To combat inflation, the European Central Bank is prepared to announce another significant interest rate increase on Thursday. Less is known about what happens next.
Speaking recently in Davos, ECB President Christine Lagarde emphasised the importance of maintaining the current monetary policy.
Investors are interested in learning how long and how much more the central bank will raise interest rates.
Carsten Brzeski, head of global – macro at ING, said ECB policymakers believe they must suppress inflation and won’t stop raising interest rates unless they notice a significant improvement in the forecast for inflation.
Here are the top five market-related queries.
Market attention will be focused on Lagarde’s comments because the ECB’s decision to increase its deposit rates by 50 percentage points to 2.5% is viewed as final.
Markets have reduced their forecasts for when rates will spike to around 3.3% in response to signs of decreasing inflation. Market movements have already been contested by policymakers, and if more hawkish rhetoric is used in response to a better economic outlook, expectations may rise once more to 3.5%.
Eoin Walsh, one of the partners at TwentyFour Wealth Management, said the ECB has to be hawkish.
Although Lagarde is anticipated to stress that the ECB will keep raising rates, it is unclear whether she will claim that the market price of the terminal level is too low.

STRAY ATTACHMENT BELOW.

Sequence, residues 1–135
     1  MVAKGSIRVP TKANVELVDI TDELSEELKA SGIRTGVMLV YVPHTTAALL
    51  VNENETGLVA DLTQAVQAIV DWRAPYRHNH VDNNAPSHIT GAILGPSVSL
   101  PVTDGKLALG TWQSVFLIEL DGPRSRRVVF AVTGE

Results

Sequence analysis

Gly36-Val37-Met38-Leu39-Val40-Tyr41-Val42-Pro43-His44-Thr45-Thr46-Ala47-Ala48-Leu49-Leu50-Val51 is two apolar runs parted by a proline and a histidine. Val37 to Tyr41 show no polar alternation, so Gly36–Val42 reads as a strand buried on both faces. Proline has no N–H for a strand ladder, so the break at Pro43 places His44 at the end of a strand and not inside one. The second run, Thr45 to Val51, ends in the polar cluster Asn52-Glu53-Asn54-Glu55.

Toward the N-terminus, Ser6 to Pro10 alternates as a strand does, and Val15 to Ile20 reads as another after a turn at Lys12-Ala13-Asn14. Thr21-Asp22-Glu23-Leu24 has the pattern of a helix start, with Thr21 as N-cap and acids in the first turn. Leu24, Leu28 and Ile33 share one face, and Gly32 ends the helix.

The markets are hoping for this because the prognosis after Thursday is debatable. Some others favour a significant increase in March, notably Dutch and Slovak politicians. Lagarde’s comments imply that she would support the action as well.
Doves in policy are fighting back as underlying inflation declines. Fabio Panetta of Italy thinks the ECB shouldn’t commit to any specific action after February.
ING’s Brzeski claimed there have recently been inquiries as to why markets are unable to predict what the ECB would do next.
Market overconfidence is a contributing factor, but there are also concerns about the ECB’s own information problems and who is to be believed.
From March through June, the ECB intends to sell off an average of 15 billion euros worth of bonds purchased under its Asset Purchase Program (APP).
According to UBS, the ECB will confirm that the rate of QT after June will be determined at a later time, when some economists anticipate an increase.
Patrick Saner, chief of the macro strategy at the Swiss Re, stated the ECB will provide additional information on the balance sheet reduction, particularly how the various APP programmes will be handled and crucially, also on the planned unwinding of cross-country assets.
That’s unclear, and forecasting the course of inflation has proven challenging.
Lagarde will probably be questioned about the ECB’s estimate of core inflation, which excludes volatile food and energy costs, given that the new ECB projections aren’t expected to be released until March. Although the ECB aims for 2% headline inflation, authorities are more interested in a core metric.
The euro zone’s Wednesday inflation data may be timely. Although core inflation, which also excludes alcohol and cigarettes, increased from 5% to 5.2% in December, headline inflation fell to 9.2%.
Mario Centeno of the ECB believed a recession might be avoided. Business activity unexpectedly resumed small growth in January, and JPMorgan upped its first-quarter global growth prediction from a 0.5% drop to 1%, following Goldman Sachs’ lead.
Swiss Re’s Saner thought the ECB will undoubtedly acknowledge the improved domestic and international growth environment.
They can actually use this to argue that rates should increase and remain there for a long since a stronger market environment prevents the most important type of disinflation, core disinflation.